Things have changed a bit, we are on our last stretch it seems and the end is near. It is not really but I feel like I have to start preparing for a major adjustment. I keep wondering about reintegrating into ‘normal’ life and how to cope. I wonder if I will be disappointed or anxious in the regular life or if I will find those things that I missed before. It’s not that we are just showing up and saying “Hey, we’re back, now what?” we actually have, as always, a fairly robust plan but that doesn’t change this odd feeling I have.
The other major thing I think about is becoming complacent in the fact that we are near the conclusion of this part of the journey. That of course is where things can go pear shaped if you’re not on top of your game. It’s funny I think like this because pear shaped seems to be the normal dimensions for the last two years. Regardless, Deya and I have to be sharp for the last little bit. The last little bit being a couple of months and about 10,000 kilometres (for those who plan heavily for a long weekend). Fun!
After we bought the place in Merida, Deya’s brother planned to fly out to Cancun to meet us. The intention was to spend some brother/sister time together touring around the peninsula a bit on the bikes. It was going to be lightly hellish of course, as I know what it’s like to be overloaded with passenger and kit so without expressing more than a light warning we agreed that Deya would double her brother around and I would take the luggage. All agreed and we headed for Cancun to visit with Fernando and his family before picking up Jorge.
I love riding, even with a broken shoulder, I just love it and when we are out in the country passing through little towns along little roads, sometimes dirt, sometimes paved, I feel like the world is right. I want to get a bumper sticker that says ‘I Love Topes’, of course it’s easy to get ‘I Hate Topes’ because in Mexico there are about as many topes (speed bumps) as there are bad drivers. Of course Chuleta and I eat them up so all those idiots on the road that can’t do 120 km/hr in a 30 km/hr zone barely catch up to our grandma style of riding by the time we hit another bump…hahahahaha….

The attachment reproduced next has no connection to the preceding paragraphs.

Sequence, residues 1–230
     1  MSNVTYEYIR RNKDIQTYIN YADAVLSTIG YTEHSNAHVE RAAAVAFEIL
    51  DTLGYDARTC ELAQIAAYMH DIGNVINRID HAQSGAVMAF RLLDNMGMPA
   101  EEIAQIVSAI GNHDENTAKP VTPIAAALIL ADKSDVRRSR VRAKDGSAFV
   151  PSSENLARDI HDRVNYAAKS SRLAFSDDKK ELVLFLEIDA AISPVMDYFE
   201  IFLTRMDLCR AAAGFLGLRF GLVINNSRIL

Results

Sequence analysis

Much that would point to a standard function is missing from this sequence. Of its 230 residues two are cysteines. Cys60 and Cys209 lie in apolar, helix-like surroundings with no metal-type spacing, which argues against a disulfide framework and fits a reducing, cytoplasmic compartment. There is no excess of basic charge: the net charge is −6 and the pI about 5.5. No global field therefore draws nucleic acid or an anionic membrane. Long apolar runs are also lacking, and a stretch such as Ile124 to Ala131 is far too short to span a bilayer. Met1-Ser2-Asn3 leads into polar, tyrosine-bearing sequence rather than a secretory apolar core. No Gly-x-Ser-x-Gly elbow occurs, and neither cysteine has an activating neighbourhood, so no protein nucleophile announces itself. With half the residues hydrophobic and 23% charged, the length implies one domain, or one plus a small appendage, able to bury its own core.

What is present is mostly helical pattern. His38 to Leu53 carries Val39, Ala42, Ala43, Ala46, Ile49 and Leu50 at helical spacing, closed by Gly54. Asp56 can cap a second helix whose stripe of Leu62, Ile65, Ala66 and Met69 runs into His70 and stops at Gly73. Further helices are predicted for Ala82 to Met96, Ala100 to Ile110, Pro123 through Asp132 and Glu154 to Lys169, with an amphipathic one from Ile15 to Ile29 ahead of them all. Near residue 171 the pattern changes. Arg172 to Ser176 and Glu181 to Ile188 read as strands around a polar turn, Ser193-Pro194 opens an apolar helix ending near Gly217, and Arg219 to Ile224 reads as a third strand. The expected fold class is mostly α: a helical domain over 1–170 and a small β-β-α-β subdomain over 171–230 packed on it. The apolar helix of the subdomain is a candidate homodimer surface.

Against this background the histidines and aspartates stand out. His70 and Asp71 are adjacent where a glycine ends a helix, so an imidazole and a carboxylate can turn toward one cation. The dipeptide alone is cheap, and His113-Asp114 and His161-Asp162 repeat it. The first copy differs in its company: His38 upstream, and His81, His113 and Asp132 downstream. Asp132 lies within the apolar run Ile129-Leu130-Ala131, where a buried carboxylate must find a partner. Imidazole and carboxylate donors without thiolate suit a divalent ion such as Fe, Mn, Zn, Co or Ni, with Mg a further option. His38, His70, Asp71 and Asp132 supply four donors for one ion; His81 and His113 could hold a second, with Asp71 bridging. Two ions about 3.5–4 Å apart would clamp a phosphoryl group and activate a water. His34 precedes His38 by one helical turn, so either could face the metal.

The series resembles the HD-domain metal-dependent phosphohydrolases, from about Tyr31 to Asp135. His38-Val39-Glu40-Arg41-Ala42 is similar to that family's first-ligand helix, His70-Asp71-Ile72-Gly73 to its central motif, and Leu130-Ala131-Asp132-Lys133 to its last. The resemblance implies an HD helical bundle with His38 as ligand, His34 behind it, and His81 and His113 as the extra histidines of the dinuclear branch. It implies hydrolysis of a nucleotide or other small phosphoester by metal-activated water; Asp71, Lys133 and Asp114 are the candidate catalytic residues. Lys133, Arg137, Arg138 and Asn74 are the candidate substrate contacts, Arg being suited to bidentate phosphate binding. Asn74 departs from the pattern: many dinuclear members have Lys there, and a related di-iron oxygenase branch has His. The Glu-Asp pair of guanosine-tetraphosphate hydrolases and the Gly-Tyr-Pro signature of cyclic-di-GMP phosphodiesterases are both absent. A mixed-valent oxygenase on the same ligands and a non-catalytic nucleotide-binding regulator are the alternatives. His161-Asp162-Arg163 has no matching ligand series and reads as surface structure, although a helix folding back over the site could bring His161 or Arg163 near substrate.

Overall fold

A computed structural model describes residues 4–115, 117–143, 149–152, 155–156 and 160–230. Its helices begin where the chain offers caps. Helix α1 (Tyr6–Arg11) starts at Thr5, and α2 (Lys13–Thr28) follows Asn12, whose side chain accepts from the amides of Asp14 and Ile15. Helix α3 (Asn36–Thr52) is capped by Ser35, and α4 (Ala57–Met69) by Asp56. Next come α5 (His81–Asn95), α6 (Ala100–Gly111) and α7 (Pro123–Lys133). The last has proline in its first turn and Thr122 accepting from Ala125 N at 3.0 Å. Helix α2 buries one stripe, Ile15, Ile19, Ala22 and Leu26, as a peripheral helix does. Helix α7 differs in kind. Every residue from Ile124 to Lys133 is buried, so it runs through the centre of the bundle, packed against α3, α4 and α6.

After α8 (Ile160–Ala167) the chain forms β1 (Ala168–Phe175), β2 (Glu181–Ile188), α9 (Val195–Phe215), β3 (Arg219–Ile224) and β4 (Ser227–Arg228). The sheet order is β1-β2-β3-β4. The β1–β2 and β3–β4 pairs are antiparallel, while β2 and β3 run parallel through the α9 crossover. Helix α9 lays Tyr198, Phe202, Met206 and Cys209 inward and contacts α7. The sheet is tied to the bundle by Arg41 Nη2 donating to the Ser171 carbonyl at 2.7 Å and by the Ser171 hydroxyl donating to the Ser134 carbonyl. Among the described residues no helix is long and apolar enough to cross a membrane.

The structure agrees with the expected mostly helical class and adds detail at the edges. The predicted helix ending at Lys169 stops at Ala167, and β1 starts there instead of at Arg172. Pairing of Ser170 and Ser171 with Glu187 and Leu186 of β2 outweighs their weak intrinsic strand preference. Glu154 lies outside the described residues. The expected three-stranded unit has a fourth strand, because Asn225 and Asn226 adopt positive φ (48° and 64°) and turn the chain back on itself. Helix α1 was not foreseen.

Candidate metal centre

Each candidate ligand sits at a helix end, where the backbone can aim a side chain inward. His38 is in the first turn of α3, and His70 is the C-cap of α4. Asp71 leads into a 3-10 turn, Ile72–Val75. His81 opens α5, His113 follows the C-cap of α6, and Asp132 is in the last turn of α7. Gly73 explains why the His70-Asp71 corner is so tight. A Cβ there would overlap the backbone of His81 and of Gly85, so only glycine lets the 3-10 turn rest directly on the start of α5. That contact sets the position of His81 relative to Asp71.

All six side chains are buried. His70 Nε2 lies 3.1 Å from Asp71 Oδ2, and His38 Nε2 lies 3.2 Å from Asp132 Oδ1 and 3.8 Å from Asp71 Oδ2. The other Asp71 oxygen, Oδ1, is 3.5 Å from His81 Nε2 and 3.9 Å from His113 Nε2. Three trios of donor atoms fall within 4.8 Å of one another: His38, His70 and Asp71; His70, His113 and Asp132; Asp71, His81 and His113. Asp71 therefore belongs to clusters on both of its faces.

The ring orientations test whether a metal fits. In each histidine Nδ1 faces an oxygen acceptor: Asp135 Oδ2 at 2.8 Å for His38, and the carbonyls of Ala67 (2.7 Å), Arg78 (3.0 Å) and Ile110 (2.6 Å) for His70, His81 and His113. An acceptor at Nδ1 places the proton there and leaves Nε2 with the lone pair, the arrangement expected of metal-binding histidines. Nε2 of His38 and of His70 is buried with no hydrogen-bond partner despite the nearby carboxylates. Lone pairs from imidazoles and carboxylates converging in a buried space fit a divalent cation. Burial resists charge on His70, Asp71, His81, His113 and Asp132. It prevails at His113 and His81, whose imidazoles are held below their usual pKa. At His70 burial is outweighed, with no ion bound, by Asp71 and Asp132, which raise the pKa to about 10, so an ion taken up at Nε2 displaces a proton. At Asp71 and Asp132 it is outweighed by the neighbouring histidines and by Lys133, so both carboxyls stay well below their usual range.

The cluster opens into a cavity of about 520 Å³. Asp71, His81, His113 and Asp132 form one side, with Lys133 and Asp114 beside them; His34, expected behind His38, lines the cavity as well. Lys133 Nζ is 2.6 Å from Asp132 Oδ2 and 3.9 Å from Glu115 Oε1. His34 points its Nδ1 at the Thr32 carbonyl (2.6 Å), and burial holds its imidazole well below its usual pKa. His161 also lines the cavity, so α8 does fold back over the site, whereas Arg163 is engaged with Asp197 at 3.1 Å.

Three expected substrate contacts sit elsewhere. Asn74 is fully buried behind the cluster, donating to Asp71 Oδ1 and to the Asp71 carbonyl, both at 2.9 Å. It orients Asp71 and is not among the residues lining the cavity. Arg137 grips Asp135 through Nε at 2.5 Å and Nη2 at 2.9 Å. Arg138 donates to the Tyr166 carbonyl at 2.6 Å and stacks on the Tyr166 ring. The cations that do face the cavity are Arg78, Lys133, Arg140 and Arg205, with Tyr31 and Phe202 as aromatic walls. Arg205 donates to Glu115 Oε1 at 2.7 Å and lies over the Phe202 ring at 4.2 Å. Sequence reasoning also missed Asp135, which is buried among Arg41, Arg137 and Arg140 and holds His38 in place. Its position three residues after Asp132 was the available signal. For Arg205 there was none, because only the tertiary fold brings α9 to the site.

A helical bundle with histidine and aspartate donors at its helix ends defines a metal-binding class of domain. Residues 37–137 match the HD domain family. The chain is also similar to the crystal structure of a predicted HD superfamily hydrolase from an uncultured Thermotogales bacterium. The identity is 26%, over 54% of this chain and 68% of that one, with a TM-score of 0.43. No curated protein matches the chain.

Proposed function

We spent the next several days with our friends in Cancun, we ate great food, drank good beer, visited another factory, went on an ocean jungle tour, a reef swim and a yacht/ snorkel tour of the underwater museum near Isla Mujeres (Island of Women), off the coast of Cancun. Jorge was with us by then and got to also enjoy in the hospitality of our hosts. Cancun is a nice place for tourists, lots of things to do with every convenience available.
To get out of the hair of our friends we found a great hotel at the Northern part of Cancun for a very reasonable price, the rooms were very nice, location was not far from the main centre and the view was fantastic. We stayed for a couple more days before heading South towards the pyramids of Tulum. Deya, of course would be carrying her brother; secretly I was laughing inside at the learning experience for both of them and looked forward to the event.
Two hundred kilometres, maybe a little less and she was done. Her poor brother was a rotten bag of meat that needed to be left on the side of the road for the vultures. He was sucking a bit of wind too having been thrust onto a motorbike for long kilometres without any preparation for the monkey butt. Every time we stopped Jorge would pour off the bike, stagger around for a few minutes then go searching for snacks and cold water. Jorge looked like a little kid suffering to go pee and Deya looked like an angry tiger. I already knew what was coming, in 35°C+ or 95°F+ heat with full armour, a lot of weight and a broken shoulder, I would be taking Jorge the remainder of the nearly 1000 kilometres to Ciudad del Carmen on the coast of the Gulf of Mexico.
Unlike Deya, I was already mentally prepared for that and happy that she now fully understands why I don’t like to double people or even have too much crap on the bike. It’s not that the person on the back is a burden it just makes everything more difficult, more serious, less fun and more expensive. The added weight is noticeable in fuel consumption, tyre wear and fatigue. Over a longer period we could measure other things like break wear and suspension but on a thousand kilometres it’s the faster consumables that are noticeable.